- Saves money: No gym membership required here, and only one kettlebell needed in this training, saving you space and money (depending on the type of training you do, a second kettlebell may be required). You can do kettlebell training in your living room, backyard or take them to the beach.
- Lose more weight in less time: Kettlebell workouts can tighten and tone your whole body, but the dynamic all-muscles-on-deck movements also burn a lot of calories – studies show up to 20 calories per minute, or 400 in a 20-minute session.
- Combine “cardio” and “strength” training: This exercise gets your heart racing, building cardio as well as strength. Your whole body is working to move, or swing, as well as stabilize the kettlebell, building the proper balance of mobility and stability.
- Versatile and fun: Let’s face it, long exercises can get boring. And as a result of that boredom, they're easy to give up on. As mentioned earlier, kettlebell training can be a quick exercise, so that makes it more achievable and fun! From swings to squats to arm strengthening exercises, you’re constantly moving and burning through this workout. With an exercise that’s quick and versatile, you’ll likely stick with it!
- Solution for busy people: Busy people want the biggest bang for the buck. Kettlebells can be the solution to trying to squeeze cardio and strength training in an already busy schedule. Because of the intensive nature, the workout duration must be kept short. Best of all, they are so small and portable, training can take place even in your office.
- Improves posture: Using so many muscle groups in conjunction means your core has to stay engaged 360 degrees to stabilize each and every movement. It’s important to note that good form is essential in kettlebell workout, so stop and rest if you feel like your form is deteriorating.
- Easier time performing daily tasks: Working out with a kettlebell is the definition of what fitness pros call a "functional" workout. That means it works your muscles in the same way as when you do everyday activities, like picking up a toddler, carrying your laptop bag, hoisting a gallon of milk, or lugging a heavy grocery bag.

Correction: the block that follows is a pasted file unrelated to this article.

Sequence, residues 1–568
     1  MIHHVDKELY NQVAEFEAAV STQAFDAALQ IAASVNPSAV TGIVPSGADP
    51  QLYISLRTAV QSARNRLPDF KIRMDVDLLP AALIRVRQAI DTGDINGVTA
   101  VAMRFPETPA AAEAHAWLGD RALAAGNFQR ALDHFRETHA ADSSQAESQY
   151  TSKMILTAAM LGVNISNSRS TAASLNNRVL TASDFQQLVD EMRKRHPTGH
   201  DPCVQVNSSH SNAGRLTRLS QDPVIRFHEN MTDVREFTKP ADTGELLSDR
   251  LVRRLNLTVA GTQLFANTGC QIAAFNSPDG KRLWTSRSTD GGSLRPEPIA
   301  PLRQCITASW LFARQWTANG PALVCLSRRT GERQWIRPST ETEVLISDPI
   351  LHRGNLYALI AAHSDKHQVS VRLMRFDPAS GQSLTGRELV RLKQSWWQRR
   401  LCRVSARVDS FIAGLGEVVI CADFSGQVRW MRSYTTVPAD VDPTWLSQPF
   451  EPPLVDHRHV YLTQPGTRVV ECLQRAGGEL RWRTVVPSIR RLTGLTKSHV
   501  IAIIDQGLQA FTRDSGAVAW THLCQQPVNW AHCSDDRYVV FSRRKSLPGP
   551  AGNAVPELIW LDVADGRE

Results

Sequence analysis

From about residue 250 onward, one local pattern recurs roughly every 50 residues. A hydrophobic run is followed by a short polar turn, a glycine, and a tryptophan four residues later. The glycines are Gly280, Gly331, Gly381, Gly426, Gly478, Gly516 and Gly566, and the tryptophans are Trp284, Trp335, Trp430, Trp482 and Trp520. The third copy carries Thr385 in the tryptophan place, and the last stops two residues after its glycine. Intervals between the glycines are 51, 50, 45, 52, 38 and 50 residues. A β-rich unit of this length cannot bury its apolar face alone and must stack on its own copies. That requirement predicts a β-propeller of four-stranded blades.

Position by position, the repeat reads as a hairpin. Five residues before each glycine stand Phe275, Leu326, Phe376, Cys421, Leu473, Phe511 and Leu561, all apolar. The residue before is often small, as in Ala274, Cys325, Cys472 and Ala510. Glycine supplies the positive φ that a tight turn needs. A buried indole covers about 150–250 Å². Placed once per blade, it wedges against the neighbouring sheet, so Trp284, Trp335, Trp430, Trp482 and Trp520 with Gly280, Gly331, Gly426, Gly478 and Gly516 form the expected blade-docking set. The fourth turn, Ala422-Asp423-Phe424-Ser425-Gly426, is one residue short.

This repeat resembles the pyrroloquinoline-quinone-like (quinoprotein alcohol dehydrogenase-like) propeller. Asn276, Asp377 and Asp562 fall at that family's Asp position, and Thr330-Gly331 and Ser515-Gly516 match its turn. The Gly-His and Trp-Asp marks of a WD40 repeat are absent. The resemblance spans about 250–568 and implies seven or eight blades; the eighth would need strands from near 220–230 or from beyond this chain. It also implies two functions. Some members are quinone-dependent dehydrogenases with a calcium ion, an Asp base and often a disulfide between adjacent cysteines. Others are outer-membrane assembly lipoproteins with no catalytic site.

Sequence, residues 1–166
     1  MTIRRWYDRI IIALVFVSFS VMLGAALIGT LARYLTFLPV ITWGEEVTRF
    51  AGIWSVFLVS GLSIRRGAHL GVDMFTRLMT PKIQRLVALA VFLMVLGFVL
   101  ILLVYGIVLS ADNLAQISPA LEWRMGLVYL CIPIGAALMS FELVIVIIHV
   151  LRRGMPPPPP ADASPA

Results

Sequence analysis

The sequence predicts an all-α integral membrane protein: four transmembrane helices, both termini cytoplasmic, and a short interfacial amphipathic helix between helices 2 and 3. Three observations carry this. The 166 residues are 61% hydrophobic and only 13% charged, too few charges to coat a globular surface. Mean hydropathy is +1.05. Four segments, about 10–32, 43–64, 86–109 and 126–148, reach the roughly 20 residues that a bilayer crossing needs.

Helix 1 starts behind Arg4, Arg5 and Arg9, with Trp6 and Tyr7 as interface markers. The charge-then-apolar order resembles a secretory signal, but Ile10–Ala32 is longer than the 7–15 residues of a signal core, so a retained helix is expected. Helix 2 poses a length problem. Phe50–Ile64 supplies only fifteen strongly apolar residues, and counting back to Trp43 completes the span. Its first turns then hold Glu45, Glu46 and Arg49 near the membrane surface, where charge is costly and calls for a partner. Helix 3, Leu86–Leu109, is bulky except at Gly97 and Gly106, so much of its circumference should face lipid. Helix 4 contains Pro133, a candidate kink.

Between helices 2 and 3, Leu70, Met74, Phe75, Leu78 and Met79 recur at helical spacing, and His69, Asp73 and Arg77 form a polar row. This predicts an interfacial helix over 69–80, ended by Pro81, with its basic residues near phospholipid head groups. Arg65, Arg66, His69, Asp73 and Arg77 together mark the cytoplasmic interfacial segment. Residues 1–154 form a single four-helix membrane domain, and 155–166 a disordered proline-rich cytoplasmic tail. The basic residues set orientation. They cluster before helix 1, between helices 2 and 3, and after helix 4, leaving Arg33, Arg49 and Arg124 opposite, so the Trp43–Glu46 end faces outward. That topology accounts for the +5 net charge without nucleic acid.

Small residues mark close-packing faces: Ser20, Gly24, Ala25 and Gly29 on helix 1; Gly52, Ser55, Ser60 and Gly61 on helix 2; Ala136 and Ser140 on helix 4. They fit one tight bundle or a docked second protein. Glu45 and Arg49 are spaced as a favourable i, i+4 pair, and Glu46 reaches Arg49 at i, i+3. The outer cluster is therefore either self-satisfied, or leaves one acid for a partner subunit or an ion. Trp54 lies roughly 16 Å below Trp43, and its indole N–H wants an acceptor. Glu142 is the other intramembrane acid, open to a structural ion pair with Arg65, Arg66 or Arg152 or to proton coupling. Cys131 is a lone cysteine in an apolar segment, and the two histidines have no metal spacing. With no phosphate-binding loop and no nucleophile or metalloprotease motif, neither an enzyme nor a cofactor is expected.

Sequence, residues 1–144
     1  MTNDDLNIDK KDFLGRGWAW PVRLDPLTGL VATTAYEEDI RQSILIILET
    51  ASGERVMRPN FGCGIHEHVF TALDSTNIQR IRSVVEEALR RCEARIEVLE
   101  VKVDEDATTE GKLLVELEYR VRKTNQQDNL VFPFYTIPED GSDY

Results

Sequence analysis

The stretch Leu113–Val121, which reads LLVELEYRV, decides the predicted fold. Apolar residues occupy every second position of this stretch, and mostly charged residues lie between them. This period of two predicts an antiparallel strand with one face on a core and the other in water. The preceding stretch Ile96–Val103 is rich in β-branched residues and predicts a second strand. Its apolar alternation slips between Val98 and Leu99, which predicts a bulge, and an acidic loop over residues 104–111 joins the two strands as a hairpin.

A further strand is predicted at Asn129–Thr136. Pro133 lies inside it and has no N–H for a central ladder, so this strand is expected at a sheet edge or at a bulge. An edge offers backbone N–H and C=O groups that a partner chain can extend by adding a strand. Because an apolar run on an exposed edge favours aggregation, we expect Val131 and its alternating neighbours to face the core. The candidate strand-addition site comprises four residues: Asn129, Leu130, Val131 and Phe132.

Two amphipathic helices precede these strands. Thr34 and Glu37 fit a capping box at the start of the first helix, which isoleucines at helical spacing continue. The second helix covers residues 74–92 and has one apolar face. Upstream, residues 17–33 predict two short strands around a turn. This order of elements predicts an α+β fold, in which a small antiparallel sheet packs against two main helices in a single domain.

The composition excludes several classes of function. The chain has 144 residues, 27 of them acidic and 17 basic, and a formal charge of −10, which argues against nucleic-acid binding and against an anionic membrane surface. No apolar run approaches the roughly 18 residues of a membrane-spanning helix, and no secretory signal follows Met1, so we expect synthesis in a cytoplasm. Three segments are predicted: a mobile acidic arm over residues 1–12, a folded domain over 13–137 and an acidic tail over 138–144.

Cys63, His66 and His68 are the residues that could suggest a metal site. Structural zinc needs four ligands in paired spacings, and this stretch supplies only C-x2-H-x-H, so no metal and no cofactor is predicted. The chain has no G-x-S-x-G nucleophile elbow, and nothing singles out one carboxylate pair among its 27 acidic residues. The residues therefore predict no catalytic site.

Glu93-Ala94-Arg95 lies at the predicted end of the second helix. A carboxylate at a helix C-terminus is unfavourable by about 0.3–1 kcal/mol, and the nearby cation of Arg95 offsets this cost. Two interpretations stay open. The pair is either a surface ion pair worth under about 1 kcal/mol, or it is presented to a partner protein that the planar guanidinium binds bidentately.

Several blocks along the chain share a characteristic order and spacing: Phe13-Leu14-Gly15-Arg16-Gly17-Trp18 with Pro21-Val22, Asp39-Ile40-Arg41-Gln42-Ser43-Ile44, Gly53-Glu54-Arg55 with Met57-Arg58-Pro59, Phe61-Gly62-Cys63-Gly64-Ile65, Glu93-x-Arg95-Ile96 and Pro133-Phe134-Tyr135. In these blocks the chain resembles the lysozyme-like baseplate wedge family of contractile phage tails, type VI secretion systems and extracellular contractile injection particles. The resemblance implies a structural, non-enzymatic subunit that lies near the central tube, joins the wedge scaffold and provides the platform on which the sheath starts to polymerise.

- Increase core and back strength: As you train with kettlebells, keep your core engaged and posture stabilized. As you move through your training, you’ll build strength, as well as flexibility.
- Full-body workout: From shoulders to calves, kettlebell training works many different muscle groups, all while giving you a cardio lift. As you train with kettlebells, you’ll notice your entire body engaged and working hard, burning and conditioning.
- Boost your bum: The kettlebell swing is the foundation for many other kettlebell exercises, and it simultaneously firms your butt and abs. As you do the kettlebell swing, your body is in a squatting position, already firing up the bum.
- Here’s a how to do a swing: Standing with your feet hip-width apart, your hips and knees slightly bent, and your back and arms straight, pick up the kettlebell by the handle with both hands, knuckles facing forward. Hinge forward from the hips and swing the bell back between your legs, then exhale, straighten your legs, and pop your hips and pelvis forward to propel the kettlebell upward to about chest height (that’s the butt-toning part). As you lower the kettlebell, your abs will contract—like a built-in crunch. Continue with one fluid movement as you lower back to the start and repeat. (It’s okay to start with smaller swings to build the momentum until you get the hang of the movement and can swing it to chest height.) Once you’re comfortable with the movement, try to swing the kettlebell with one hand, alternating hands with each rep (both hands come to the handle on the upswing, and one releases as you swing down).
You decided you want to start a new diet or fitness regimen GREAT - now where do you start?! If you're a Googler like me, you have already looked up a thousand fitness websites, blogs and instagram accounts and you're probably feeling a little overwhelmed - that's okay! The biggest thing is to make sure that you sit down and figure out what you want to achieve and the time-frame you're looking at. Figuring out the workouts and the diet are also important, but if you're not sure what you want to achieve, it becomes tough to figure out the right plan and diet for you. I've broken down three important things to think about when you're setting your plan:Read more »
- Set a long-term goal
- Set short-term goals